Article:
The other path, and the one this leader chose, was to engage an impartial advisor to help document the pros and cons of multiple courses of action – some of it in spreadsheets, some in narrative. And he brought together the people who spent so much time and effort in the selection process to weigh in on the topic. It was an investment of several hours, and under a tight deadline. But allowing the entire team to engage in bringing these other factors to light meant arriving at the decision that preserved the outstanding working relationships they had built together within the client organization, as well as with the finalist vendors who continue to support this client in other ways.
We would like to hear from you how you use your “gut feelings” in your decision making.
AUTHORED BY GUY WOLF, TRANSFORMATION EXECUTIVE @ GUIDEIT
“We made the decision six weeks ago to go with the preferred vendor. Why is it taking so long to finalize the contract with them?” a CIO asked us recently.
Why, indeed? We had performed the due diligence one would expect on a deal of this size, including the data center visit, the customer site visits and reference calls, and much more, yet after 7 weeks of late night meetings, we were still apart on the final contract and losing valuable time and leadership focus – not to mention the good will between the parties. And yet we still could not nail down an agreement.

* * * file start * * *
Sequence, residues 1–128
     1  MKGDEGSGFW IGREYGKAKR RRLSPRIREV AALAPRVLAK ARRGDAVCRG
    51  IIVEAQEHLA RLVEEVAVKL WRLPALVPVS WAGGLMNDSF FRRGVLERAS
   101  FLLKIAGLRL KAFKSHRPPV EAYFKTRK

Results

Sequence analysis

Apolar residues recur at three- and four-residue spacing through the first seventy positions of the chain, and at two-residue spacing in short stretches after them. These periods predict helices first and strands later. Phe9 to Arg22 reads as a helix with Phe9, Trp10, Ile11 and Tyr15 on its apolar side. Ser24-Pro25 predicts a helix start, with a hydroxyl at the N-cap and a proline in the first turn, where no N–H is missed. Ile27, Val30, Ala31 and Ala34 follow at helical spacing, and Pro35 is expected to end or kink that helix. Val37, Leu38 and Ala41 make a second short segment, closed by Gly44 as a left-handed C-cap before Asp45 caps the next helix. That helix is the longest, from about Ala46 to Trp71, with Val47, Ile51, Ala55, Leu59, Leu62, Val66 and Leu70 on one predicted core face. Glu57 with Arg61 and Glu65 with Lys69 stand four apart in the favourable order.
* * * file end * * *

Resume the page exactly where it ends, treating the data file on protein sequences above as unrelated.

Want to make this process go smoother for you when you are at that point? Here are some areas that will help you avoid the gap between decision and execution:
1. Match the contract to the proposal. A couple ways to go here: either start the Vendor’s paper or the Customer’s. If using the vendors “boilerplate” it may be a time saver, or a time sink. If the boilerplate contract is much different from the proposal that is being delivered, then there is needless wasted time in trying to “shoe-horn” something that doesn’t fit. If the Customer has a standard sourcing contract (less common, but not unusual these days), it may save significant time finalizing the legal and security details.
2. Minimize (hard to eliminate) late-breaking requirements. In spite of your best efforts to research all the requirements and include them in the RFP, and validate them during due diligence, there is often a new requirement that comes up during negotiations that had not been provided to the vendor before. Will there be a requirement to integrate IT Service Management tools? A new set of security requirements that did not get entered into the RFP? A higher limit of liability or consequential damages clause? It’s possible to overcome some of this by getting people to commit to their requirements earlier in the process, but doubtful that will be 100% successful, as people get more focused on those things that they believe are imminent and likely.